Note:Home ownership is a good thing. You can build equity, do more with your property than property you are renting, and have pride in it. This article is in no way designed to disaude anyone from buying a home.

Why this question commonly comes up?

I am sad to say that tax preparers and accountants sometimes have a very limited perspective of things and give advice based on that perspective. Accountants and tax preparers have a lot of clients that they only see once a year at tax time. Their job is to prepare the clients tax return and not neccessarily to help the clients with their personal finances. So many accountants and tax preparers give advice based on strategies that would lower the clients taxable income and therefore lower their tax. In the case of the Home Mortgage Interest Deduction, advice to keep a mortgage to maximize the tax deductions associated with the mortgage can end up costing a client a lot more money than they would have paid in tax.

Any accountant or tax preparer that gives the advice to keep a mortgage, rather than pay it off early has not studied the issue, only cares about lowering the clients tax due, is incompitent, or is an idiot. In most cases they just have not studied the issue enough to see all the different aspects. Above we discussed how the Home Mortgage Interest Deduction provided very little tax benefit, but the bigger quesiton is what does gaining that benefit actually cost you? After all, if you were going to buy a house anyway, saving an extra $968 in tax is still a benefit right?

The lifetime cash perspective

The main question is not 'how much tax we can save', but 'how much money we can save overall'. The lifetime cash perspective is about looking at ways to reduce overall financial waste, or maximizing the amount of money that we can keep in your lifetime. There will be an entirely different article on this topic, but in this specific case it relates to the amount of interest you pay on the life of your mortgage as opposed to the tax benefits you derive from the interest paid. Finance charges(interest on a loan) are something you can affect. In the case of a mortgage you can pay extra on your mortgage and save interest. This is an example of using the lifetime cash persepective to reduce interest waste.

The idea of paying an extra amount of money on your mortgage to pay it off sooner is a great idea. In fact, if you pay an extra $100 per month on your $150,000 mortgage (5.25%, 30 year term) you will pay your mortgage off 6.5 years early. Even better, when referring to mortgages, time is money... By paying $100 extra per month you will save $37,200 in interest. Yes, it is true. Since interest is calculated based on the balance of the loan, when you pay the loan down more than you have to, the amount of total interest you pay also goes down. Saving you a bundle of money in the process. In this scenario you have to pay an extra $1,200 per year for 23.5 years, which is $28,200. Subtract that from the $37,200 of interest you saved and you have gained $9,000. That is a savings of 382.98 per year, or a 32% return on your extra $1,200 per year.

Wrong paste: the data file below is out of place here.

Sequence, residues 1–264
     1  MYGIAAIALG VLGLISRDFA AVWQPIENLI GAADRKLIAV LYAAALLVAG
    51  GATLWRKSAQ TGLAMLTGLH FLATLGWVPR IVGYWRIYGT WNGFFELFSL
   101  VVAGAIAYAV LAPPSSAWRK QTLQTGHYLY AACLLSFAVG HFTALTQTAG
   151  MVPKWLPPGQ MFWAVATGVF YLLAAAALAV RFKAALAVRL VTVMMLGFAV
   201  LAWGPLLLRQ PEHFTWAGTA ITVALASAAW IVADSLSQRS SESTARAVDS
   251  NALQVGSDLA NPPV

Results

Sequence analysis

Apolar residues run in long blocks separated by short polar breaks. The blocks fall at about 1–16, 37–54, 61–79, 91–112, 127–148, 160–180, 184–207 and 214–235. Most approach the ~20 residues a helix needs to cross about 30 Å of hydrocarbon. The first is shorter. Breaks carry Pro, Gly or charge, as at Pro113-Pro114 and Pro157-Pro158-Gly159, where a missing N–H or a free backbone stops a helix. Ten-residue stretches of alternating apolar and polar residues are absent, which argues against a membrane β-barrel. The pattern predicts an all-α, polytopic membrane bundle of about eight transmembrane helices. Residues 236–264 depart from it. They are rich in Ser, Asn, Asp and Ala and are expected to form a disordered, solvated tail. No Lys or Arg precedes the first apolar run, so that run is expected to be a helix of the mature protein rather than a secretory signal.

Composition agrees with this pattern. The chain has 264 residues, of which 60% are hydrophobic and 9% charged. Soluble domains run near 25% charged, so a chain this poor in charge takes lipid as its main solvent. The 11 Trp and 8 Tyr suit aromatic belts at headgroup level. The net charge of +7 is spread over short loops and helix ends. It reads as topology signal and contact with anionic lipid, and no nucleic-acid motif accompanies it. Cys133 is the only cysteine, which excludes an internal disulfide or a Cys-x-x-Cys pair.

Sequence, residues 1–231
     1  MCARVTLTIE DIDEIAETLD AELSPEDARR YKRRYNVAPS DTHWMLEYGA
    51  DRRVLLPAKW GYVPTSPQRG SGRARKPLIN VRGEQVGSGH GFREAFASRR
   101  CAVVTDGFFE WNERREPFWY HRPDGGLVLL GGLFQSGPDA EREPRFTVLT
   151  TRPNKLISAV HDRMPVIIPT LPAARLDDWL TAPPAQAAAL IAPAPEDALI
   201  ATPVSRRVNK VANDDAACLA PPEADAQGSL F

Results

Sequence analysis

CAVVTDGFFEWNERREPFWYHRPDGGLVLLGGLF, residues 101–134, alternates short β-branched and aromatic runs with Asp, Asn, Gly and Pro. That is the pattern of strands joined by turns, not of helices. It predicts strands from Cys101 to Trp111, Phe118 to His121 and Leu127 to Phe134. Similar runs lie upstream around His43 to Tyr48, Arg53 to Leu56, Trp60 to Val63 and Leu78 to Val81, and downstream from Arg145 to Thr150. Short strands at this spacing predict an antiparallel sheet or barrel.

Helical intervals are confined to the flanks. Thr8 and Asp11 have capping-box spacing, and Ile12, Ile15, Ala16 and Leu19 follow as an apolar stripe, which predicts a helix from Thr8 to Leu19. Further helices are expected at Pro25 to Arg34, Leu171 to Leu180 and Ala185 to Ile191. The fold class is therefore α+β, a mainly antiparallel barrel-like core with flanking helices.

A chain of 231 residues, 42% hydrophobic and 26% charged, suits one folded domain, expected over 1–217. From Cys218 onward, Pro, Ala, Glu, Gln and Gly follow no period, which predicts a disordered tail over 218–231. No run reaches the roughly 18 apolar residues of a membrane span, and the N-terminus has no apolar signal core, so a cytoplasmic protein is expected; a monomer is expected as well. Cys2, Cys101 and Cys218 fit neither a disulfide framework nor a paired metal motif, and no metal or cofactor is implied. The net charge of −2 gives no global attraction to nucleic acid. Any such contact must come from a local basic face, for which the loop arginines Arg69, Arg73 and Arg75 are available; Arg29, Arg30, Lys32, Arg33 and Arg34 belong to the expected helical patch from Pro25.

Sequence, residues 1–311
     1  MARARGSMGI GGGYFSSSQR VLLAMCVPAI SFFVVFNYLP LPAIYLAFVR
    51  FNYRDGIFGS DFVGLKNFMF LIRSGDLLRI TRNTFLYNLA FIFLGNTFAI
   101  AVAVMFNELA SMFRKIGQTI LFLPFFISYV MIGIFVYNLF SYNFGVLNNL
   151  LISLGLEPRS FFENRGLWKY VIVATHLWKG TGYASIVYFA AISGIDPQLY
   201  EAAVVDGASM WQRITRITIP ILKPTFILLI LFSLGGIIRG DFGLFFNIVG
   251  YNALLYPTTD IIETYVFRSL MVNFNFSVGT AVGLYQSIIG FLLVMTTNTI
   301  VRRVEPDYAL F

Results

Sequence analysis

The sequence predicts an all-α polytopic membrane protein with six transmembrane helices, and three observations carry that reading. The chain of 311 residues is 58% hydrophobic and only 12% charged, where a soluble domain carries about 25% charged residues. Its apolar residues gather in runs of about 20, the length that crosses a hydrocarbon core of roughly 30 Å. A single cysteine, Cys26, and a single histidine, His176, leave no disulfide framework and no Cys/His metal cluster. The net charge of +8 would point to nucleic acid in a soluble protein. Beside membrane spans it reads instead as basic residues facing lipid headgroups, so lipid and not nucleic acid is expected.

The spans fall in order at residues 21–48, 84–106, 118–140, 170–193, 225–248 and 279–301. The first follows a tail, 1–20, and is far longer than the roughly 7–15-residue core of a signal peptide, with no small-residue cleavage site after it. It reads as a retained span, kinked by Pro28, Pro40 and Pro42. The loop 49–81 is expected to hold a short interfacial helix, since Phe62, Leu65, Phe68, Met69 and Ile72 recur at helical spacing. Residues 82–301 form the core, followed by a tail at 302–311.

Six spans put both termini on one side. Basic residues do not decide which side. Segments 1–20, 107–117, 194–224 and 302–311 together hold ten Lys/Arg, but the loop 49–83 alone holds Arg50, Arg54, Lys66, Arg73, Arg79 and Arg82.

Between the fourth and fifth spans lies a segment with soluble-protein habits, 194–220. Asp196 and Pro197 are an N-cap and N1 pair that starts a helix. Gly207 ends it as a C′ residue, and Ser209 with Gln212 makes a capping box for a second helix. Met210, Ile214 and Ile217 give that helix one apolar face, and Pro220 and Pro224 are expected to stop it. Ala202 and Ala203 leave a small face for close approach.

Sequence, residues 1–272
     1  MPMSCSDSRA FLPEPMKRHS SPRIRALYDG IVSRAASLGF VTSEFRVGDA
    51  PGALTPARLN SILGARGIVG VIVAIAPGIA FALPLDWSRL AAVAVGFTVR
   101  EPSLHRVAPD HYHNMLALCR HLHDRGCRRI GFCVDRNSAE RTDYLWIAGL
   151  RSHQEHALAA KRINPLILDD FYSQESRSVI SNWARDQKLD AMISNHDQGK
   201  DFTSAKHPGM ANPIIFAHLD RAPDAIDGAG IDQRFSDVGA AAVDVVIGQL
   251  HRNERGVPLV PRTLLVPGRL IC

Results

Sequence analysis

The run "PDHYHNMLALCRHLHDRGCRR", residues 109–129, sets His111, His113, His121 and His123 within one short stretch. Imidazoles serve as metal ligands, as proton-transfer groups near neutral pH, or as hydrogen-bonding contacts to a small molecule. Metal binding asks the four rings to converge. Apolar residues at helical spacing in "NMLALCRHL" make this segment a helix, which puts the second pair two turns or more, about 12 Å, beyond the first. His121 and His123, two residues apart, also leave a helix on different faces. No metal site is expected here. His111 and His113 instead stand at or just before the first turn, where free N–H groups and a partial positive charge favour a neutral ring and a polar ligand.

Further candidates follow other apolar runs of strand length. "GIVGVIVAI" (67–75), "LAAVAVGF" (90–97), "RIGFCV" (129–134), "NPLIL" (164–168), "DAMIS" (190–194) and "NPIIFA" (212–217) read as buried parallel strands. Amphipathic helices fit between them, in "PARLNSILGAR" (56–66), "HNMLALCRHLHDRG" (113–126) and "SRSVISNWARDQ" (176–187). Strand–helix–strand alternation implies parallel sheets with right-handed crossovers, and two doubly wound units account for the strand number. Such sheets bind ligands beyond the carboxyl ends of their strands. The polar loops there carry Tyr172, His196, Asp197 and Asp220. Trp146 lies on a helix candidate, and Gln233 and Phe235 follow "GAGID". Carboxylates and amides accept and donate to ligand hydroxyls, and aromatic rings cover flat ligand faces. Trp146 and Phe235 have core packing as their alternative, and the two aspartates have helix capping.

If you can come up with an extra amount of money to pay on your mortgage monthly you can save a lot of money over your lifetime, but how does that compare to the amount of money you could have saved on your taxes.

When the tax savings stops

Saving $968 in tax annually surely seems easier than writing a check for an extra $100 each month on your mortgage. You don't have to do any extra work, and it all comes out in the wash on your tax return. After all, savings is savings, right? Wrong, you saw how in the example that the couple that makes $75,000 per year and has a $150,000 mortgage does not even get any tax benefit. There are a lot of cases that do get a benefit from this deduction but the extra $968 in savings is at the cost of a lot more money.

You cannot maintain the $968 extra tax benefit for the life of the loan because each year you pay on the loan, you pay less interest and more principle. In the example of the couple that has the $300,000 mortgage their tax benefit stops after year year 17 and every year from 1 to 17 the tax benefit gets lower and lower. The lower the amount of the mortgage the faster this happens.

The bottom line

Paying off your mortgage early by making extra payments will be better than the tax savings you 'might' derive in just about every case. This is a long term strategy that will save you 10's of thousands of dollars in the long run. Anyone who give you advice to the contrary without providing mathmatical evidence is generally giving you bad advice.

Some Notes:

All of the figures presented in this article relate to specific examples. While the principles are all correct, the actual number presented may not relate to your specific situation.

If you are one of those lucky people who has enough money to buy a home with cash, or have enough money in the bank to pay off you existing mortgage... you generally should do it. It never hurts to meet with your CPA about it first.

If you are interested in how the principles above can affect your investment real estate please read my Long Term Real Estate Investment Analysis